What is language, that it may have evolved, and what is evolution, that it may apply to language

Research output: Chapter in Book/Report/Conference proceedingChapter

7 Scopus citations

Abstract

Linguistics and biology are both witnessing such a rapid and ground-breaking progress that I think it wise to step back a moment and reconsider the very issue of the evolution of language at its roots. I wish to start with two real-life parables, drawing some important lessons from each. The first is from physics, the second from biology. Parable 1. The Italian physicist Gabriele Veneziano is acknowledged to have been the first inventor/discoverer of the core idea behind string theory. Veneziano had not realized, back in 1968, where his idea was leading. Initially, his “dual resonance models” were only an elegant way of summarizing several apparently scattered facts and hypotheses and of solving some inconsistencies of the standard theory. In the fullness of time, it turned out that the consequence of that initial idea, and of the mathematical formalism used to express it, was that the world of elementary particles is the projection onto our four-dimensional space of modes of vibration and oscillation of microscopic uni-dimensional strings in a space with eleven dimensions. String theory is, for the moment at least, so many steps removed from experimental observation that its partial success has to be gauged by indirect confirmation of some of its secondary predictions. This is, understandably, far from deterring physicists, and work in string theory is in full swing.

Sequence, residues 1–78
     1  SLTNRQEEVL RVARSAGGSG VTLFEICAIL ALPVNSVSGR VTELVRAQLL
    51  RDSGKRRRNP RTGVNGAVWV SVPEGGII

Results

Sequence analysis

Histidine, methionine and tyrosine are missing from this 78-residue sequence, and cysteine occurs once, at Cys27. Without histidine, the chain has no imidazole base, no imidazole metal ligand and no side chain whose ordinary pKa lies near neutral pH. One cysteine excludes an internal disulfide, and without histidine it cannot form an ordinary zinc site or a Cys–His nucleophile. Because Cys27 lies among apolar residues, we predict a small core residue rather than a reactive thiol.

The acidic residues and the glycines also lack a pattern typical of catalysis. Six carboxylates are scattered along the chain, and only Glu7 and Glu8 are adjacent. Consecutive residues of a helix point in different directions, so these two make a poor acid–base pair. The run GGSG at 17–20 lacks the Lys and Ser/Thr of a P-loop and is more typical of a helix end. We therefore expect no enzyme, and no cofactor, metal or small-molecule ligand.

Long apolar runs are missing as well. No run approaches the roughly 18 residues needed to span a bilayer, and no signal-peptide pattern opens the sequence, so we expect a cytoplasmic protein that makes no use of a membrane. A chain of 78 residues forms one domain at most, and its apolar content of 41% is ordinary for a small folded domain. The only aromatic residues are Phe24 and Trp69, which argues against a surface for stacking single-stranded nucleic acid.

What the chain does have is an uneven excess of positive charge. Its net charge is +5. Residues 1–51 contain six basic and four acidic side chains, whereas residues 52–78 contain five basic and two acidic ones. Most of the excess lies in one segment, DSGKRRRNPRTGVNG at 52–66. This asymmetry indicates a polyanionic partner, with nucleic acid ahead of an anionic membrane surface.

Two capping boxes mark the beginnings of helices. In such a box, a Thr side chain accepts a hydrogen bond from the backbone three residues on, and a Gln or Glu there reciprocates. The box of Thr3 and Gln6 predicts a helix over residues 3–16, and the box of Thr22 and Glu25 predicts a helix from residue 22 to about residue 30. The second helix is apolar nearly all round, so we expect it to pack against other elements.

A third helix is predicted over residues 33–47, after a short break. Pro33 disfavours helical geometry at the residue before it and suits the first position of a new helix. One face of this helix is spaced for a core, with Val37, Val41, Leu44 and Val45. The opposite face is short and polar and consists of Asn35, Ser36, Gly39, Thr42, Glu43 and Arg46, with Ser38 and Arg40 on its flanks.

Original languageEnglish (US)
Title of host publicationThe Evolution of Human Language
Subtitle of host publicationBiolinguistic Perspectives
PublisherCambridge University Press
Pages148-162
Number of pages15
ISBN (Electronic)9780511817755
ISBN (Print)9780521516457
DOIs
StatePublished - Jan 1 2010

ASJC Scopus subject areas

  • Social Sciences(all)

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    Piattelli-Palmarini, M. (2010). What is language, that it may have evolved, and what is evolution, that it may apply to language. In The Evolution of Human Language: Biolinguistic Perspectives (pp. 148-162). Cambridge University Press. https://doi.org/10.1017/CBO9780511817755.011